3 Ways to Effectively De-Escalate Negative Behaviors and Improve Your Relationships

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“Beneath every behavior, there is a feeling. And beneath each feeling is a need. And when we meet that need rather than focus on the behavior, we begin to deal with the cause, not the symptom.”

Have your feelings ever been hurt by a parent, spouse, coworker, friend or someone else in your life? The answer is obviously yes. You might lash out at that person or withdraw because you are feeling sad. Your aggressive behavior may trigger the other person and now you find yourself in an argument or conflict. The argument or conflict creates more sadness for you leading to more aggressive behavior. When people are experiencing a strong feeling, they may not immediately be able to identify what that feeling is. As a result, they aren’t able to communicate effectively with others what it is they are feeling and why they are feeling that way. Rather, they may act out aggressively or become withdrawn. This makes it challenging for the other person to fully understand what is going on which is why the situation typically leads to a conflict or argument. This can happen often in marriages, relationships, and especially with children and adolescents. Since the part of the brain that controls emotion regulation does not fully develop until your mid to late twenties, children and adolescents have a difficult time expressing what they are feeling which makes it difficult for parents to navigate through.

3 STRATEGIES That will help de-escalate negative behaviors

SHOW COMPASSION AND EMPATHY

If a child or partner is acting out aggressively or is withdrawing, you may be inclined to get angry and frustrated as well. Take a deep breath and remember that beneath the surface of the behavior is an emotional need. Offer support (a hug, being present, going for a walk together, etc.) and show compassion. Try to put yourself in the other person’s shoes so you have a better understanding of what it is they are experiencing. Did they transition back to school and may be overwhelmed and anxious? Maybe your coworker just lost a friend or relative and are grieving. Whatever the case is, if you show compassion and empathy rather than anger and frustration, you will help de-escalate negative behaviors. It is also more likely that the other person will begin talking about whatever it is they are experiencing and feeling rather than getting more aggressive and defensive.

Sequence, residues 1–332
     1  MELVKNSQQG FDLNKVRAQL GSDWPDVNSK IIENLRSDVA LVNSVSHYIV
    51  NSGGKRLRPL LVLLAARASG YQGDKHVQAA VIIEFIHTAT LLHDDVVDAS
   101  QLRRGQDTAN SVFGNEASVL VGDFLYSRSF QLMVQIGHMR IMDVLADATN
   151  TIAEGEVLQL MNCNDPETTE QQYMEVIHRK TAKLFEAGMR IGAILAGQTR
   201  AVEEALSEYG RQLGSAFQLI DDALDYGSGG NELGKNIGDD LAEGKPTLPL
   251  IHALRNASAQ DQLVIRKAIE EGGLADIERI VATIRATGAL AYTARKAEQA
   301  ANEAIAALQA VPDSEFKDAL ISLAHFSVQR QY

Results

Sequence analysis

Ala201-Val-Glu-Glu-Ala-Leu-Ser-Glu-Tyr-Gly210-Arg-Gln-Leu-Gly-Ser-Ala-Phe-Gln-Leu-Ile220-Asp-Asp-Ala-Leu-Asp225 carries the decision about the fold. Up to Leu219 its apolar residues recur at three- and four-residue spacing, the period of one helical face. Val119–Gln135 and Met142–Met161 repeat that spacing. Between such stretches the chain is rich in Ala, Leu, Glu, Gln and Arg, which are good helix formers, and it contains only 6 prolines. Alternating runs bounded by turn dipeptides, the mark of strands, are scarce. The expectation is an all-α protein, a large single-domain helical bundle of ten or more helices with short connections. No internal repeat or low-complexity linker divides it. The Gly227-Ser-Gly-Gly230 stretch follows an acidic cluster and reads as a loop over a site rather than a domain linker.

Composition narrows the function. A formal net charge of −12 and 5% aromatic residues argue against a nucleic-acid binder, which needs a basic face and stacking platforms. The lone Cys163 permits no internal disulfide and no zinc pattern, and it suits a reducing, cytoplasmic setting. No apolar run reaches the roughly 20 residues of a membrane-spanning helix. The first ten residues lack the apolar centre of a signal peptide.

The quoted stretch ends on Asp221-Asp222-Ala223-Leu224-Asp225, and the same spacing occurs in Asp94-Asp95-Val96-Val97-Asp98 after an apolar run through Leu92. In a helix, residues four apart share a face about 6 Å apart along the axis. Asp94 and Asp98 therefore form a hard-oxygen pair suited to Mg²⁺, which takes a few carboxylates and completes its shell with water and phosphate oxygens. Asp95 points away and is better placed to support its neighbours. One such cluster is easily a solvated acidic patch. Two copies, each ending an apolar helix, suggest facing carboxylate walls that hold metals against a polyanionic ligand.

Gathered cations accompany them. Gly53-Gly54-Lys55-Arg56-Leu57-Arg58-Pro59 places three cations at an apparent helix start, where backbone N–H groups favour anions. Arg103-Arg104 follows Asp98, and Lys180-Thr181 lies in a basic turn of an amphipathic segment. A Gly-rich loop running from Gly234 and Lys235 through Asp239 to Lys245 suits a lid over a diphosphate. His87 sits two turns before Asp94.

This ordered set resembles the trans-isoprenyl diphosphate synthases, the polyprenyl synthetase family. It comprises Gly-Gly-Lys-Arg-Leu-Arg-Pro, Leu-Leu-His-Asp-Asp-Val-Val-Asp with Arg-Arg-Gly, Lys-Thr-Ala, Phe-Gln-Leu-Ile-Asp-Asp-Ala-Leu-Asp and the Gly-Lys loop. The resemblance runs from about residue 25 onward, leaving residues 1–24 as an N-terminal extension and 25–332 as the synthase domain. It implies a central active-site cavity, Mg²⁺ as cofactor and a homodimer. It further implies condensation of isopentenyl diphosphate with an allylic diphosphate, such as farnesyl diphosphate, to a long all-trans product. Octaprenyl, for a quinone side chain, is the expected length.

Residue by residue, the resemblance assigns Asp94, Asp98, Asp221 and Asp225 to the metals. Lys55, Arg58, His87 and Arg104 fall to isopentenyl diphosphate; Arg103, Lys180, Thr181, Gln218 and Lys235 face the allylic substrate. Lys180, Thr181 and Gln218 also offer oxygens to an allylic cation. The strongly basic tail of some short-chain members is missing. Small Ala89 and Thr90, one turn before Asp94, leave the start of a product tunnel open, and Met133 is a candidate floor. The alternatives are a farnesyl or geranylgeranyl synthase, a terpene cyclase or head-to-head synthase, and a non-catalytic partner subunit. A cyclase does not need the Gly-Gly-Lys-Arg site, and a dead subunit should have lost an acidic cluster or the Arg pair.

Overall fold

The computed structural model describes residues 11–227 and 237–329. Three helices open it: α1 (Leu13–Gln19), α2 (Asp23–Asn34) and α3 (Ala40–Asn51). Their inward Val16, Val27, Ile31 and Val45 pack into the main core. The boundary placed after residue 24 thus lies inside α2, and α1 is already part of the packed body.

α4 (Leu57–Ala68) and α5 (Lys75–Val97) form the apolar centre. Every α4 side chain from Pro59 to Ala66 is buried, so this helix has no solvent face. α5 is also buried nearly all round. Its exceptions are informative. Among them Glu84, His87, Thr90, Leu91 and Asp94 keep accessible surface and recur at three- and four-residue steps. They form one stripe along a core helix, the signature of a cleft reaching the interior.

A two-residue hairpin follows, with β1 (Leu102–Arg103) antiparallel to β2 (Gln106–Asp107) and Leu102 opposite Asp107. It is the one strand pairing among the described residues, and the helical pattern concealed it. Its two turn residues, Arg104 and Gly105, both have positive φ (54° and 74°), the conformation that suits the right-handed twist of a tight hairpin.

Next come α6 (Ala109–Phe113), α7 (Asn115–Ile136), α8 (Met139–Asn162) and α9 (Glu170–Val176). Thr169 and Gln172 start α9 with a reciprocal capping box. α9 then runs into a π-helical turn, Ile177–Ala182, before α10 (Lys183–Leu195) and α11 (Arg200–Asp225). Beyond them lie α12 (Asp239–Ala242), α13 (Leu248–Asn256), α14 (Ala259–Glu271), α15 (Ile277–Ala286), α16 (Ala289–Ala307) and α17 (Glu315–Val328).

ASK CLARIFYING QUESTIONS

When a person is showing aggression or withdrawing, it is challenging to maintain your composure. You may be confused why they are being aggressive or withdrawing and may even take their behavior personally. After all, their behavior is communicating with you that they are angry, not that they are feeling sad or something else. You may feel the urge to defend yourself, but make sure to resist from doing so as this will only escalate the situation. Rather, try to understand what is going on from the other’s perspective. Begin to ask questions to help you learn more about what the emotional need is. The more open ended questions you ask, the more the other person will continue to open up. Keep in mind, the goal is to show the person that you genuinely want to understand more about what is going on beneath the surface. If your questions are genuine and reflect compassion and empathy, the other person will let you in more. Otherwise, their walls will remain shut. Once you learn more about what the emotional need is, you can determine what you are able to do within your control to help.

ACKNOWLEDGE AND VALIDATE

Once you are able to identify what is going on from the other person’s perspective, make sure to acknowledge and validate what was said and what they are feeling. Whether you agree or disagree with the perspective, acknowledging another’s point of view and validating their emotions will help de-escalate negative behaviors. It will also help to build trust as you will become a safe place for the person to become vulnerable with. The more often you are able to implement these strategies, the more likely it is that the other person will open up more to you in the future as opposed to acting aggressively or withdrawing.

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